Let me give an analogy to shed some light on this question.

Consider the value “5”.
“5” is an integer, so has a precision of one whole number (0 decimal places).
“5.0000” has a precision of 4 decimal places.
“5” is exactly equal to “5.0000”.

How that applies to digital recordings:

16 bit, 44100 Hz PCM is a reasonably high quality audio format (CD quality). It is capable of faithfully reproducing the full fidelity of a vinyl recording. The frequency range of audio that is sampled at 44100 Hz is about 20 kHz (theoretically up to 22050 Hz, but is limited by the practicalities of technology to around 20000 Hz). People cannot hear above 20 kHz (20000 Hz) - not even so much as a hint. 16 bit audio has a dynamic range of up to about 100 dB, which far exceeds all but the very best, pristine vinyl recordings assuming perfect reproduction and ideal conditions. In reality the dynamic range of a really good vinyl record played on really good equipment in a really good listening room is unlikely to be much over 80 dB.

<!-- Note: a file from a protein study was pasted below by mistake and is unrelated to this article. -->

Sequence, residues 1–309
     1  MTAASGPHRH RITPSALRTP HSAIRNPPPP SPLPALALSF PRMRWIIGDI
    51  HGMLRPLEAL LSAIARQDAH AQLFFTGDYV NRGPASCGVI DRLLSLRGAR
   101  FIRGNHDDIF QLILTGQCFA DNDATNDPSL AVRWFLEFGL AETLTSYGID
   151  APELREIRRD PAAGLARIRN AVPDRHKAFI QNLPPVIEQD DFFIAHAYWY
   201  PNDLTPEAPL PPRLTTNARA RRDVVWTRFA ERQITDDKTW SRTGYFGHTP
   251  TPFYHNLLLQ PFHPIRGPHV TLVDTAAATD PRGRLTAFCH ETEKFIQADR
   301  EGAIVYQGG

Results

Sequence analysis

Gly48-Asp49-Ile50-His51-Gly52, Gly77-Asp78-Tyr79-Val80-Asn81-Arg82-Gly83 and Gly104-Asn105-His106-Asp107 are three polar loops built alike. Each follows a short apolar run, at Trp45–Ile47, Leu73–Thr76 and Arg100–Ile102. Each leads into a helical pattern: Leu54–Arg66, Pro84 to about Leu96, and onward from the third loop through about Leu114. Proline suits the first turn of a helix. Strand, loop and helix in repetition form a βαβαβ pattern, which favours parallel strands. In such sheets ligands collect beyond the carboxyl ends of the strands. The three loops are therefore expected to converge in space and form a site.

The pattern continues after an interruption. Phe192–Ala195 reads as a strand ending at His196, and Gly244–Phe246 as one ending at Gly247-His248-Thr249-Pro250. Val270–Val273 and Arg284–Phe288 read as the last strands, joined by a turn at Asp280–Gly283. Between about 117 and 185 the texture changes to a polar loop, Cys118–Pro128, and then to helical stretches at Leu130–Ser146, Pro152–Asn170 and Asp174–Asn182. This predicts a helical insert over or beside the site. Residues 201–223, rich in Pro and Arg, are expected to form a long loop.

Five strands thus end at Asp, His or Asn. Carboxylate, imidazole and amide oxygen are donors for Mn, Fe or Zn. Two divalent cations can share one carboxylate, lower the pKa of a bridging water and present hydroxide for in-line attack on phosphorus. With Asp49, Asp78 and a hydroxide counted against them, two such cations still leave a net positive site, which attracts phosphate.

So, we have analogue audio data from the vinyl, which has a finite frequency range and a finite dynamic range, both of which can just be reproduced digitally in full at 16 bit 44.1 kHz.

Other than the limits of technology there is nothing to stop us from storing the digital data at 10000000000 Hz sample rate and 100000000000 bits per sample, but that would clearly be overkill. What would all of those extra samples and bit actually be doing? They are like the extra 0’s in “5.0000” - they don’t actually do anything other than make the data bigger.

So if 16 bit 44100 Hz is “just enough”, do we ever need more?
Yes we do, and “more is better” is true up to a point.